Charlie Munger, a man who is by many thought to be billionaire Warren Buffet’s right-hand man, made a statement at a University of Michigan’s Ross School of Business event. When asked what he thought of bitcoin, Munger replied that bitcoin is in a “crazy bubble”, and is a “bad idea”.
Does Munger have a point, or does he belong among the ranks of other misinformed classical banking naysayers like Jamie Dimon and Bank of America CEO Brian Moynihan? Read on as we unpack Munger’s argument.
During the university event, one of the attendees asked Munger for his thoughts on bitcoin, that is what triggered his vitriolic response. After comparing bitcoin to a plague, he noted that bitcoin is a trap, luring people into lies of easy wealth.
It would seem that Munger believes bitcoin and other cryptocurrencies to be something like a self-powered Ponzi scheme. Munger’s argument begins to fall apart when he starts making comments about comparing gold and bitcoin.
You know it is one thing to think gold has some marvelous store of value because man has no way of inventing more gold or getting it very easily, so it has the advantage of rarity. Believe me, man is capable of somehow creating more bitcoin. … They tell you there are rules and they can’t do it. Don’t believe them. When there is enough incentive, bad things will happen.
Let’s take this apart and see what’s really going on in this statement. First, we need to consider two separate things. Why is gold valuable, and why can’t we “invent more”? Then, why can’t we make more bitcoin? And if we could, what would happen?
According to Munger, humans cannot create gold. This is where a part of gold’s value is derived from. It is deflationary, and it exists in a finite amount and it has both aesthetic and industrial uses. This is a fair enough set of assumptions, but it is incomplete.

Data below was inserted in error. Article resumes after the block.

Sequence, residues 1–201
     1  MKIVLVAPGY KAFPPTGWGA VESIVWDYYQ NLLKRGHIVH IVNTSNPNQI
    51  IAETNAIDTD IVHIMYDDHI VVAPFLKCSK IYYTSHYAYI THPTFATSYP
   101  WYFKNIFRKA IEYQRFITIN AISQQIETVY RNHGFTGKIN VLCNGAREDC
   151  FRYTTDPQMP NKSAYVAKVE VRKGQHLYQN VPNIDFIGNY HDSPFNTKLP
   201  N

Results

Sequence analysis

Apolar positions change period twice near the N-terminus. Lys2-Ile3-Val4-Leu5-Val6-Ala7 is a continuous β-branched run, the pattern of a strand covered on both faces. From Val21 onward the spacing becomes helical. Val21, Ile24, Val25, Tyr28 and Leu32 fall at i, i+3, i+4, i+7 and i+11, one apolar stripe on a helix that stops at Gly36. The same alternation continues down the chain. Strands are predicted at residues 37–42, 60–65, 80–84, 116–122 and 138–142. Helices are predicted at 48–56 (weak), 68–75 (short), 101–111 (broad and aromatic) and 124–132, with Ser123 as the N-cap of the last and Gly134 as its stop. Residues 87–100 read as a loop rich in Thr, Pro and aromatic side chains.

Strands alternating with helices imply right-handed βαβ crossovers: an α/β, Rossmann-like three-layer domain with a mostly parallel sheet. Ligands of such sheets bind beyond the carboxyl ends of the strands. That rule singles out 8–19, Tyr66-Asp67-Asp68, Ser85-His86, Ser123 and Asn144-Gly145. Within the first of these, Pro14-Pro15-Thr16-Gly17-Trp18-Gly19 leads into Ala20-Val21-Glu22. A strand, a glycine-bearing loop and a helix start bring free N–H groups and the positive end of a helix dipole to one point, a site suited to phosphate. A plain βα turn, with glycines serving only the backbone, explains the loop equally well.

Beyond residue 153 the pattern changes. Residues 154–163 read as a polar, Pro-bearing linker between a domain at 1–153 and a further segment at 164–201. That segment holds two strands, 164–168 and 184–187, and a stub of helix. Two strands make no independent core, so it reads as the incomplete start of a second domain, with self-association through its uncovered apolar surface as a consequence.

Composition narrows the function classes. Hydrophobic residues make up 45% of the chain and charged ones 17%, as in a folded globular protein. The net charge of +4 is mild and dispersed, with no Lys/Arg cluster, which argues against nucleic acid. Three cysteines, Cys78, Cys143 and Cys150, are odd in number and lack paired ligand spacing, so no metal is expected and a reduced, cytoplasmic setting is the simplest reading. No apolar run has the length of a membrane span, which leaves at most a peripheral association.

According to sources, humans can make gold. The problem is, we can only make it a few atoms at a time, and at a far higher cost than mining. For the sake of argument, let’s imagine that a machine is revealed tomorrow that can transmute iron into gold. What would this do to the value of gold? Probably very little, in the long term.
To understand why, we need to consider another precious, natural material that is still highly valued today, but can be produced in a laboratory: diamonds.
In 1954, Howard Tracy Hall created a reliable and reproducible process by which diamonds could be created. Today, these artificial diamonds are used all across the world for numerous industrial applications.
But why are natural diamonds, the kinds used in jewelry, still worth a fortune? In fact, diamonds today are worth between 3 and 25 thousand dollars per carat. The reason behind this is simple – diamonds are valuable for the same reason that a celebrities used sock is valuable, people care about where things come from. They care if its “original” or not.
Let’s imagine for a moment that we don’t care about the absurdity of the idea of making new bitcoins, beyond the set amount that is mined with every block. If someone were somehow able to do this, the network would not view them as legitimate. They would be the fool’s gold of bitcoin and thus would have no value.
Experts can distingtuish lab-grown diamonds from natural ones, and the bitcoin network knows the difference between a real and a fake bitcoin.
Today anyone can create a cryptocurrency. Tens of thousands or more already exist today day. More and more are created every minute. Many offer technological advantages, use cases, or innovations far above and beyond bitcoin, and yet they are valued less.
Why? It’s the same reason why a lab-grown diamond is worth less than a natural one.
Charlie Munger is a brilliant investor – few would argue that point. But like many of his generation and background, he too lacks a fundamental understanding of how bitcoin works.
Featured Image via a CNBC